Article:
Because of the geometrical arrangement of the support points 14/16, i.e., because of the position of the stylus 2, the tripping paths SA1 and SA2 are different (they correspond to paths S1 and S2 and, therefore, are inversely proportional to the given distances l1 and l2), the bent paths SV1 SV2 should compensate the difference between the tripping paths SA1 and SA2. The deflection paths SR1 and SRl must be equal. Therefore, the sums SV1 +SA1 and SV2 +SA2 should be equal to each other, i.e., SR1 =SV1 +SA1 =SR2 =SV2 +SA2.
To achieve the same paths SR1 and SR2, among others, the bending of the stylus 2 must be provided for by an appropriate dimensioning of the touch probe. The entire deformation parameters of the assembly stylus 2/support 17 should be so selected that the resulting deflection paths SR1 and SR2 eliminate the measuring direction-dependent characteristics.
The deformation parameters of the assembly stylus/support include the geometry of the stylus and support, characteristics of the materials used for their manufacture, the module of elasticity of the stylus, inertia torque of the stylus, the resetting or return force necessary to achieve flattening for the pair of tracer tip-workpiece, and other characteristics which may be necessary for achieving a desired measuring precision.
The calculation equations for determining the relationships between distances l1 and l2, stroke l5, paths S1 and S2, tripping paths SA1 and SA2, bending paths or flexures SV1 and SV2, resulting deflection paths SR1 and SR2, length L2 of the stylus 2 and its diameter TD, diameter of the tip 11, movable masses, and the geometrical arrangement of support points 14/16 are obtained from principles of strength of material science, kinematics and, in particular, from lever principle.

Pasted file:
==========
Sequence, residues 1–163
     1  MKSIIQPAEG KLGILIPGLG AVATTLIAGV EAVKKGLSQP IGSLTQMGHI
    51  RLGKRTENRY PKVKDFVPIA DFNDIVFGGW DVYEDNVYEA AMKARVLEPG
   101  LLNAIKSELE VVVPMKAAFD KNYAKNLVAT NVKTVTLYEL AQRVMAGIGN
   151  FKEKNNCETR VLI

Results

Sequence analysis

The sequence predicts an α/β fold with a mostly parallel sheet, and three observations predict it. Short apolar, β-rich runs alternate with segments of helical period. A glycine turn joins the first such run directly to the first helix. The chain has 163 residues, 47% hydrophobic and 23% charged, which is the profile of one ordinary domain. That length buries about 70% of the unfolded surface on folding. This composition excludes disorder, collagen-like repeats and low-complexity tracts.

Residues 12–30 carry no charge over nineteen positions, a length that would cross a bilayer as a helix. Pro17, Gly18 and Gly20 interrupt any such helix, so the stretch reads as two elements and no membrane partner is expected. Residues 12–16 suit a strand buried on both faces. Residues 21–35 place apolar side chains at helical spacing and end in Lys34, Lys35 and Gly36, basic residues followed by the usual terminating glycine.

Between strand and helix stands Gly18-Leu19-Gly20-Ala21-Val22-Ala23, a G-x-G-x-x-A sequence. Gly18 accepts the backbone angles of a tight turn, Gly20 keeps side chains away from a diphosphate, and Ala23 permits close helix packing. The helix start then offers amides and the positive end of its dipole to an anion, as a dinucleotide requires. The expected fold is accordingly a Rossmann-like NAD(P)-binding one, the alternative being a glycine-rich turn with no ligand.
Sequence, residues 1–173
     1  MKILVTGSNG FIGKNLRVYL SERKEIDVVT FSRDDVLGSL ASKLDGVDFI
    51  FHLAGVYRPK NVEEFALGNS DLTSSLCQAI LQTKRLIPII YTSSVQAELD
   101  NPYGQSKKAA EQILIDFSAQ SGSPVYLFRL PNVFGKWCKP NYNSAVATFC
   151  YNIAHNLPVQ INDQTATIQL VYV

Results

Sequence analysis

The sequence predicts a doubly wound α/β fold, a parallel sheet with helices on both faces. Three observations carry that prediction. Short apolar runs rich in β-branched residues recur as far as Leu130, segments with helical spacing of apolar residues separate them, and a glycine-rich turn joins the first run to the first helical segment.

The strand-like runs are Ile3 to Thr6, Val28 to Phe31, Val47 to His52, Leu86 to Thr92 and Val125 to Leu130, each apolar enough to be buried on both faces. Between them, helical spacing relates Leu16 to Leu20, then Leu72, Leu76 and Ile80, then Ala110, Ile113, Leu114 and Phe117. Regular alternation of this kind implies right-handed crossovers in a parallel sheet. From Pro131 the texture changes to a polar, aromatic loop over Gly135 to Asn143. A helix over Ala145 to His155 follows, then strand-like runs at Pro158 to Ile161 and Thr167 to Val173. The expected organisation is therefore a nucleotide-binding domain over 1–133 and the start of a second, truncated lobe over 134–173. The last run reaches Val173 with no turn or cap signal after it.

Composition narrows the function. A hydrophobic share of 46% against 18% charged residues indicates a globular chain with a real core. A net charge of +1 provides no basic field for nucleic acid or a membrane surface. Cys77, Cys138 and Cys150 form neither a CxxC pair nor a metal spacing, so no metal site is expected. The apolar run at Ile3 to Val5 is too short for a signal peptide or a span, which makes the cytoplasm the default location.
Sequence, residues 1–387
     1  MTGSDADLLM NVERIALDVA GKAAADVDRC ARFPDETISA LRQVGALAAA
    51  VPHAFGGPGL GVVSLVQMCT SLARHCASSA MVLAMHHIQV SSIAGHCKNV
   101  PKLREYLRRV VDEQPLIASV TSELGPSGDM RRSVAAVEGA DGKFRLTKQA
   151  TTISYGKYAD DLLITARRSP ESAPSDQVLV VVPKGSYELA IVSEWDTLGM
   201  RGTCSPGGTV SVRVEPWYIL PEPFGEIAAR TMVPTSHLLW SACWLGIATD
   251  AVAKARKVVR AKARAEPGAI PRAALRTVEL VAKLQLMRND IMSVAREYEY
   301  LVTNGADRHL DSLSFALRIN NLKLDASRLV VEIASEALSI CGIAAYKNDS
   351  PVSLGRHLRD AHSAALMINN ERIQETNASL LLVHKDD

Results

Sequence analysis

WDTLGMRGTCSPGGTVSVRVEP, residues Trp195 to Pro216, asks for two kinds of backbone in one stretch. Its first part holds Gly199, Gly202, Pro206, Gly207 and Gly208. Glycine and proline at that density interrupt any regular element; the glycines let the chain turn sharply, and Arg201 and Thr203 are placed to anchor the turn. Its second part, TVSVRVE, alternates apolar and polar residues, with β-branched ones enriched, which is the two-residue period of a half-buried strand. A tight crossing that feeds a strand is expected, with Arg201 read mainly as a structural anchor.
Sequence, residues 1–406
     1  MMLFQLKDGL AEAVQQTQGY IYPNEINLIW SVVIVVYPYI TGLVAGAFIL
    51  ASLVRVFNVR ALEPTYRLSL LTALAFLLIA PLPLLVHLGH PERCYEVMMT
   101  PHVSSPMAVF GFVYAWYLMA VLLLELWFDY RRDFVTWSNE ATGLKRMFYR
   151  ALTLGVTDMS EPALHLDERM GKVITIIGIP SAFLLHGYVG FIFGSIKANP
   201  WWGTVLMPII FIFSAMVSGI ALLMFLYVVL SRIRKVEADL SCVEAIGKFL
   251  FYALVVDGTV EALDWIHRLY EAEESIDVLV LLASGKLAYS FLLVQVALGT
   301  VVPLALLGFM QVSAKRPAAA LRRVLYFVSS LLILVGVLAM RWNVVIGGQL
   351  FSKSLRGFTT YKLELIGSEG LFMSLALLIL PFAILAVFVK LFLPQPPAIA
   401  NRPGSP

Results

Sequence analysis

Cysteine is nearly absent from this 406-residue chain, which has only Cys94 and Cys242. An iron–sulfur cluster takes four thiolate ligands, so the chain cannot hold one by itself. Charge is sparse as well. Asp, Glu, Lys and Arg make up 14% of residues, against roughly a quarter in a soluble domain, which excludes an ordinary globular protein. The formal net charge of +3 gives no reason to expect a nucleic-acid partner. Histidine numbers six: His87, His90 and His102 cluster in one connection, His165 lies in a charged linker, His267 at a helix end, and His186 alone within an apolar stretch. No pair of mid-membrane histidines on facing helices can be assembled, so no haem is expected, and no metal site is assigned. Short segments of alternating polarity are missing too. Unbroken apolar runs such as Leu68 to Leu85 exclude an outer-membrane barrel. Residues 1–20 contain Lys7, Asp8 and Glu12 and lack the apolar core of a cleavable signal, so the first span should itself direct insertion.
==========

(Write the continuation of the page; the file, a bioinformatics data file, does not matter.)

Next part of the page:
To insure obtaining a bending path S1 of the stylus 2, upon tilting about the axis D1, a torque M1 need be produced which would be equal to the product of the force F12 by the distance l1, i.e., M1 =F12 l1.
This torque is equal to the torque obtained from the product of the force F1 by the length L2 of the stylus 2, i.e., M1 =F1 L2.
The flexure S1 is obtained from equations of the strength of materials. Thus, ##EQU2##
An example of calculation of the stylus diameter TD is given below. The following data are given:
Force F12 =10N
Stylus length L2 =60 mm
Distance l1 =4 mm
Stroke l5 =0.003 mm
Stylus material - steel
Steel module of elasticity, E=210,000 N/mm2
The torque M1 will be
M1 =F12 Ěl1 =10NĚ4 mm
M1 =40 Nmm=0.04 Nm
The flexure will be at ##EQU3##
This flexure is equal to ##EQU4## That is, with the given data, the stylus diameter will be 4 mm.
Though the present invention was shown and described with reference to the preferred embodiments, various modifications thereof will be apparent to those skilled in the art and, therefore, it is not intended that the invention be limited to the disclosed embodiments or details thereof, and departure can be made therefrom within the spirit and scope of the appended claims.
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|U.S. Classification||33/561, 33/556|
|International Classification||G01B5/20, G01B5/008, G01B11/00, G01B21/00, G01B5/012|
|Cooperative Classification||G01B11/007, G01B5/012|
|European Classification||G01B11/00D1B, G01B5/012|
|Mar 8, 1996||AS||Assignment|
Owner name: DR. JOHANNES HEIDENBAIN, GMBH, GERMANY
Free format text: ASSIGNMENT OF ASSIGNORS INTEREST;ASSIGNOR:FEICHTINGER, KURT;REEL/FRAME:007904/0534
Effective date: 19960223
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|Mar 10, 2006||FPAY||Fee payment|
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|Mar 11, 2010||FPAY||Fee payment|